'Like My Skin Is Being Melted Off:' Thesis Stress Gives Student Shingles

A Reddit user has reported developing shingles after the stress of handing in their university thesis. They shared an image of their leg in the subreddit Wellthatsucks and wrote: "It feels like my skin is being melted off."

The post has been upvoted over 33,000 times and received over 1,700 comments.

Shingles, also known as herpes zoster, occurs when a dormant chickenpox virus in the body is reactivated. While it is more common in older adults and people with weakened immune systems, anyone can get shingles.

According to the CDC, one in three people in the U.S. will develop shingles in their lifetime.

Chickenpox virus
Stock image of a chickenpox virus. The virus remains dormant in the nervous system after infection has cleared. Dr_Microbe/Getty

"The most common thing that brings on shingles is ill health," the director of the Shingles Support Society, Marian Nicholson, told Newsweek. "That can be something like COVID, or just something everyday like stress."

After recovering from chickenpox, the virus that causes it, called varicella-zoster, remains in the body, lying dormant in our nervous systems until our immune defenses are down. "More than 95 percent of people have had chickenpox, which means that more than 95 percent of people could develop shingles," Nicholson said.

When we are stressed, our bodies release a hormone called cortisol which is known to suppress our immune systems. As a result, long periods of stress can severely reduce our bodies' ability to fight off infections, including dormant viruses.

In response to the Reddit post, Nicholson said: "Our bodies keep us going as long as they possibly can. The moment they relax, the thing that has been held at bay can then come out and annoy us."

The main symptom of shingles is a painful, blistery rash that can last for weeks.

Shingles is not something you can catch, although if you have never had chickenpox before you may be at risk of catching it from close contact with shingles blisters.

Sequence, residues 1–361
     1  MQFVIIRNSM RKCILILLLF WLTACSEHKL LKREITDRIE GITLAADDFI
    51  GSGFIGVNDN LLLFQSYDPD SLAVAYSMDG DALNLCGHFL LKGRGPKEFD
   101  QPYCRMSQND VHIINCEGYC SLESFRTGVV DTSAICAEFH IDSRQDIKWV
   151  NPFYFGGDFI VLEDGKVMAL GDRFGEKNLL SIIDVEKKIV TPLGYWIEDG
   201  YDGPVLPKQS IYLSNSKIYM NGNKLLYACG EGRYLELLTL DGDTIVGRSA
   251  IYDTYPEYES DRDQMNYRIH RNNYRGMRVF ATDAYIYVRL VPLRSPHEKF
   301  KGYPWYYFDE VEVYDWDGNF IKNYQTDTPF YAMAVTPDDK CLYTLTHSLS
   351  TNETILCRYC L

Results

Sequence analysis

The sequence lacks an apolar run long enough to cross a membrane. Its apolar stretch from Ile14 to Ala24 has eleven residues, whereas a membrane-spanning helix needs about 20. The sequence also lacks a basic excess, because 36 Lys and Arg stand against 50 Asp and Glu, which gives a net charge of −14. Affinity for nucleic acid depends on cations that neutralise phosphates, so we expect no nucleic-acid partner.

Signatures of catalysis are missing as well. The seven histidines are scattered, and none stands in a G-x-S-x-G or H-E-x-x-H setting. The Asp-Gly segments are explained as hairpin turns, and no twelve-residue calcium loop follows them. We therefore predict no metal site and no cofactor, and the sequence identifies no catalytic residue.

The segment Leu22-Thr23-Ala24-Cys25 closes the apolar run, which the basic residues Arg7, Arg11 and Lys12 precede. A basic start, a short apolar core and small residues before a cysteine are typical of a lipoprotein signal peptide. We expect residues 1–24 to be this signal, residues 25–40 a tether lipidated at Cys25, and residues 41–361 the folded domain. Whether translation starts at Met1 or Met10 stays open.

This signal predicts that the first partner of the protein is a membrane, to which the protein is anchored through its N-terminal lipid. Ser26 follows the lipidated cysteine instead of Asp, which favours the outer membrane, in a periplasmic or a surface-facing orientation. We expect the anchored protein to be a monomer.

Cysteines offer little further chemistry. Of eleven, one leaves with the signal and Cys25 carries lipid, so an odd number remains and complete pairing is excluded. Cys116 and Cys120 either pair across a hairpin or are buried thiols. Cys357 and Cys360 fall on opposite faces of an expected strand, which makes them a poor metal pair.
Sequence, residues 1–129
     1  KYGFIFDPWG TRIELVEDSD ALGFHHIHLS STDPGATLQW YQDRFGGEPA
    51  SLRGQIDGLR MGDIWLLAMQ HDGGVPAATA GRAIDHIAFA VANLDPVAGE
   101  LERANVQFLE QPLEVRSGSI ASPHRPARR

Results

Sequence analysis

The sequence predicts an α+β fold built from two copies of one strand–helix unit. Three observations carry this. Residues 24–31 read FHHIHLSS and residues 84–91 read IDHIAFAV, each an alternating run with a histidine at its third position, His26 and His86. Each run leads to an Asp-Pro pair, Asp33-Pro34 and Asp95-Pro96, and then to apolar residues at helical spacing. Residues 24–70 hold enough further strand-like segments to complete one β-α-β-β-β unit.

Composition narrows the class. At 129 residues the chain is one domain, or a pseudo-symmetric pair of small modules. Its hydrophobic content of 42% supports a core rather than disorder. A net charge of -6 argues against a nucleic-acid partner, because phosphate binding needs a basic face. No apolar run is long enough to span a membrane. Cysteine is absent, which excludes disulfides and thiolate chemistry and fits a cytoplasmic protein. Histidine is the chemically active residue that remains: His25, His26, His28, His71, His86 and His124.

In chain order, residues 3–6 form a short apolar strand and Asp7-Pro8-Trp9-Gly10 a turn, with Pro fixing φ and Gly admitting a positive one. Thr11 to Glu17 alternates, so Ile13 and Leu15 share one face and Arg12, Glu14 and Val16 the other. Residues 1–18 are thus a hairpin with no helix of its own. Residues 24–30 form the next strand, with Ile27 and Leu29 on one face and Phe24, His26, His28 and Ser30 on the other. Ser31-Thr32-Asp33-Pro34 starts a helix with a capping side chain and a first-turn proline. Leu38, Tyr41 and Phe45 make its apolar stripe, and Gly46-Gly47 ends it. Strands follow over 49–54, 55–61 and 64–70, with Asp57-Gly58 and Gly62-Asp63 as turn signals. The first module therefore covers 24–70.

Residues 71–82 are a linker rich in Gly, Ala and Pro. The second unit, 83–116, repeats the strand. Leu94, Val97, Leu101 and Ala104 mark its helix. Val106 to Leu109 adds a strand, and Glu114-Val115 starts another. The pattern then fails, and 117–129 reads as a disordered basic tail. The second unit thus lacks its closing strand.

shingles itchy rash
Stock image of an itchy rash. Shingles produces a red, painful rash that can lasts for weeks. ipopba/Getty

It might seem counter-intuitive, but, according to Nicholson, for people who have already contracted the virus, one of the best ways to protect yourself from shingles is to expose yourself to someone with chickenpox.

"Meeting chickenpox again during the course of your life lessens your chances of having shingles," Nicholson said. This is because chickenpox exposure primes your body to recognize the varicella-zoster virus. "So a mum who has nursed children through chickenpox is less likely to contract shingles than someone who has had no exposure."

There is also a vaccine available for older adults which acts in the same way to boost your body's immune defenses against the virus.

shingles vaccine
Stock image of vaccination administration. There is a shingles vaccine available for older adults and those with weakened immune systems. Prostock-Studio/Getty

In most cases, shingles will go away on its own, although it can lead to more serious complications. One Reddit user responded to the post saying they had suffered nerve damage, something called postherpetic neuralgia, which can cause long-term nerve pain for years after the initial rash has disappeared.

The original poster has said they have started taking antivirals for the condition. "It's definitely shingles!" they wrote in an update. "I think the term is disseminated shingles when there's quite a bit of inflammatory spillover but in person you can tell that it follows the nerve down and doesn't cross the midline. Definitely a severe case but antivirals are kicking in and the inflammation is going down."

The best way to protect yourself from these complications is to take antivirals early. According to Nicholson, the sooner you get treatment, the better. "If you have a mysterious pain or intolerable itch, think about shingles and go along to the doctor," she said.

Newsweek contacted the poster for comment.